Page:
I immediately called in my research attorneys to make sure we had not accidentally written something written by others for which we did not give proper attribution. After exhaustive investigation, we did come across something. In one of my early, very early opinions, I had written this concluding sentence: “Judgment is reversed and the matter remanded with directions to adopt procedures consistent with the views expressed herein in this opinion.” That was out and out plagiarism. I will never use it again. The author has not sued me. He didn’t want to be known.
Another factor crucial to any writer, whether he or she plagiarizes or not, is style. It has to be important because Strunk and White titled their book “The Elements of Style.” The final Chapter V is devoted to this most important element. Tone, an element if you will of style, is essential to any writer. For example, an officious or patronizing tone in an appellate opinion detracts rather than enhances.
In my October column I wrote about my cat’s misbehavior in the living room. At the end of the first paragraph I referred to a word in a familiar colloquial phrase with dashes. My editors at the Daily Journal saw it differently and decided not to bleep out the word. We didn’t have time to confer, and there it was. I thought the use of the word was jarring and not in keeping with the tone of the article. Some readers of the column voiced similar sentiments while others support the use of what I call the “offending” word. I will admit to a heightened aversion to scatology, but I am anything but a prude, much less a censor. It is simply not always appropriate to be blunt in the name of freedom of expression. This has nothing to do with censorship or a reticence to offend people when they need to be shaken from their apathy. Daily Journal columnist Garry Abrams decried the pusillanimity of network television afraid to air the movie “Saving Private Ryan” because of concern about a four letter word uttered by soldiers landing at Normandy. As usual he was right on. The tone there was appropriate. What would soldiers in such a circumstance say, “Goodness Gracious”?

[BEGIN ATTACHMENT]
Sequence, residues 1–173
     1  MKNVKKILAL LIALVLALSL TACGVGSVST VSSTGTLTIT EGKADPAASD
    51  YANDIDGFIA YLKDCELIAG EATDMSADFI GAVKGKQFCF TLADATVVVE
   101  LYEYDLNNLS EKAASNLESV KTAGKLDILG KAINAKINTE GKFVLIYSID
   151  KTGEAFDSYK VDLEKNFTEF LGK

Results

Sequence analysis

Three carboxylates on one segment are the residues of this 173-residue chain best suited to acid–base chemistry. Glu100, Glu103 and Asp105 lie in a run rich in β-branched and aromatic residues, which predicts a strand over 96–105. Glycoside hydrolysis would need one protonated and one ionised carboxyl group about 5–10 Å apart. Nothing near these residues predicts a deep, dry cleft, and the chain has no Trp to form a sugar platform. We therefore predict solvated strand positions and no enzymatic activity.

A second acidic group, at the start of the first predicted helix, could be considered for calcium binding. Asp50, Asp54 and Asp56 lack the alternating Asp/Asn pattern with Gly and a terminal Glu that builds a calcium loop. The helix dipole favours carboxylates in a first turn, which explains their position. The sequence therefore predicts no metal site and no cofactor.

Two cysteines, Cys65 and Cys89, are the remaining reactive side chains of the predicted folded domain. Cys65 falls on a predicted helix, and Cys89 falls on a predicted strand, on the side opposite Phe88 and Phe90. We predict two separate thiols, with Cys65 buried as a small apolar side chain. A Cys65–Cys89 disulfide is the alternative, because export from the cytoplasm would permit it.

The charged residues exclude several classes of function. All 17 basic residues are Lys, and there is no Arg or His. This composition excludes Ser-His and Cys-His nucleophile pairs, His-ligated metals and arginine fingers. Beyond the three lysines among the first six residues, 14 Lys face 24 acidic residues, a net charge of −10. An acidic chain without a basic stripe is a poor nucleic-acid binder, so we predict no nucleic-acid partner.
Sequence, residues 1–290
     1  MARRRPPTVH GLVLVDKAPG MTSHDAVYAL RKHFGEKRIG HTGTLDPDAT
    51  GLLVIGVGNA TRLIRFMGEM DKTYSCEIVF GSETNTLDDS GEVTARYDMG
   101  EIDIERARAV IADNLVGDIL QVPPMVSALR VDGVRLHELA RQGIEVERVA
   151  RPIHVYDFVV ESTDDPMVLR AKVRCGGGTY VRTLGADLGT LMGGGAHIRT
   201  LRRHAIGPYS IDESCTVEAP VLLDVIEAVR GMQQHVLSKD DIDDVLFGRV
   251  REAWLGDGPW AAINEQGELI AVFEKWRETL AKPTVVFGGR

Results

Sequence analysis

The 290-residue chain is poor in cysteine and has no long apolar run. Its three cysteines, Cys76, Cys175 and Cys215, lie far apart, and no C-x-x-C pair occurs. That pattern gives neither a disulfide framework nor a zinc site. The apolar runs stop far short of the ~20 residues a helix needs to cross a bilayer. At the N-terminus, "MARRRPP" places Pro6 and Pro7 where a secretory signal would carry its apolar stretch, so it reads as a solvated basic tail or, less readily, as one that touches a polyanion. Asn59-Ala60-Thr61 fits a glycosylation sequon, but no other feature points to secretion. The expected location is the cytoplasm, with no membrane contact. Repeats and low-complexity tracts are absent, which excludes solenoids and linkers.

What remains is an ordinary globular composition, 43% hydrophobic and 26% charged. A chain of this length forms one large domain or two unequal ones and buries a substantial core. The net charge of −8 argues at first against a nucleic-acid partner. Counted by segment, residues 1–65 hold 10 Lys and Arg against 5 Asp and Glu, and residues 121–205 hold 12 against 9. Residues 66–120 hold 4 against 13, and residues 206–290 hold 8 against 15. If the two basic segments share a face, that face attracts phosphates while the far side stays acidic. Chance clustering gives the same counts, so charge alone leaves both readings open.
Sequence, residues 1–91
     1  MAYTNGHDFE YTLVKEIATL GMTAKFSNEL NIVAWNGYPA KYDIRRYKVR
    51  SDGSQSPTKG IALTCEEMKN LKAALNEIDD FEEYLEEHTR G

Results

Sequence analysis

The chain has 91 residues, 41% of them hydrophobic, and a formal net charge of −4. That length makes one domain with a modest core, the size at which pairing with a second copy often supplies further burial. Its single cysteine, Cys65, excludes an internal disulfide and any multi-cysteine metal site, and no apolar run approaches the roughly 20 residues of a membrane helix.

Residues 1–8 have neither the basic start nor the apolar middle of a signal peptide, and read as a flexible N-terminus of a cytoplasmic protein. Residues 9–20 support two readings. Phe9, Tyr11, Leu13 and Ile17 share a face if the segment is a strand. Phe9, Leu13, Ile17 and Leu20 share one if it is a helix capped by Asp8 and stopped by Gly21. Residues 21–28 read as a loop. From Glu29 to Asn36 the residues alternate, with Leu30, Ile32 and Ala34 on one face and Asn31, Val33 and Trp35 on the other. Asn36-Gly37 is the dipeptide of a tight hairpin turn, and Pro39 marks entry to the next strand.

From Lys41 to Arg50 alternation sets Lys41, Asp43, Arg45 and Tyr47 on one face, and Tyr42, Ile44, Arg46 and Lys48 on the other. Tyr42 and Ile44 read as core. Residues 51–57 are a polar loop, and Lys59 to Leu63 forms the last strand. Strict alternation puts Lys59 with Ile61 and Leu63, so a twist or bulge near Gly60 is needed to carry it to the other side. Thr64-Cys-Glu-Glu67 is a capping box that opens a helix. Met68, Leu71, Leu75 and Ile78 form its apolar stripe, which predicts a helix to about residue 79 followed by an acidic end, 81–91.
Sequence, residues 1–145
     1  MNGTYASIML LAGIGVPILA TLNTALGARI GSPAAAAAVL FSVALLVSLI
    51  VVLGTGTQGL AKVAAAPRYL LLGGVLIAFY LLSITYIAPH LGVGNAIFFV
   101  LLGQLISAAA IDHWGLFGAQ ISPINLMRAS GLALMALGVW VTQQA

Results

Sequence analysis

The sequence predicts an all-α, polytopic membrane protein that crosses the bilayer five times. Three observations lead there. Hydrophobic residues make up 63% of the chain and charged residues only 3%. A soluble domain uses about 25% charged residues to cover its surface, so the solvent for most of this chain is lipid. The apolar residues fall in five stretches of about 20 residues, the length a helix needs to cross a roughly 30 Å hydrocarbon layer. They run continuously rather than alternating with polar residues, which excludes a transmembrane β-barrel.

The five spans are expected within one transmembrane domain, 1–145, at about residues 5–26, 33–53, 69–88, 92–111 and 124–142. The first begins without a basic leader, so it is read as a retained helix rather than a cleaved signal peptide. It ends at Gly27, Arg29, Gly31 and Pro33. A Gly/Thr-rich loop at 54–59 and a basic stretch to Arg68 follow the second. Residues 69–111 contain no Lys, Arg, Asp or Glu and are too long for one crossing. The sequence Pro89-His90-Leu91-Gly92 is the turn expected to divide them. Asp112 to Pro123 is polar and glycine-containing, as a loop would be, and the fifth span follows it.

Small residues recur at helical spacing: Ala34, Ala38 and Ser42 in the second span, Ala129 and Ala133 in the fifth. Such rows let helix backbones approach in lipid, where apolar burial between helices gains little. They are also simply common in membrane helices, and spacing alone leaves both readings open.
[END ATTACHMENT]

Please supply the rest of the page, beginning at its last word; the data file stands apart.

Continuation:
I thought the whole affair over my word had blown over when I was compelled to write the offending word in my November column. Well, it is not exactly the same word although it sounds the same. It all came about when this stranger sat down next to me at Starbucks. He tripped and spilled some of his coffee latte on his hands and what looked like a deposition or an appellate brief. Upon spilling the coffee, he used the quaint expression “Shoot!”
I couldn’t help myself. I had to say something. It must have come from subconscious anxiety over the October column. “Shoot?” I asked as he sat down beside me with his head slightly cocked. After an awkward pause I said, “Do you want to shoot the shit?”
“Sure, ” he said.
“You said ‘shoot’ not shit,” I said.
“Shoot is so quaint,” I said, “like a line from the Ozzie and Harriett show. Let me guess why you said 'shoot' instead of 'shit.'"
“Shoot,” he said.
“I bet you are a deeply religious person and offended as I am from the indiscriminate use today of scatological expressions.”
“No,” he replied, “I am an agnostic.”
“Well, I suppose agnostics can be prigs,” I said meekly.
“They can, but I am not a prig,” he said.
“But ‘shoot?’” I protested.
The conversation was over. He got up to leave. It suddenly hit me that he looked familiar.
“Don’t I know you?" I asked.
He was standing. “No," he said patiently, “you don’t know me.”
“What is your name?” I asked.
“Jack,” he said. “Jack Shitt.”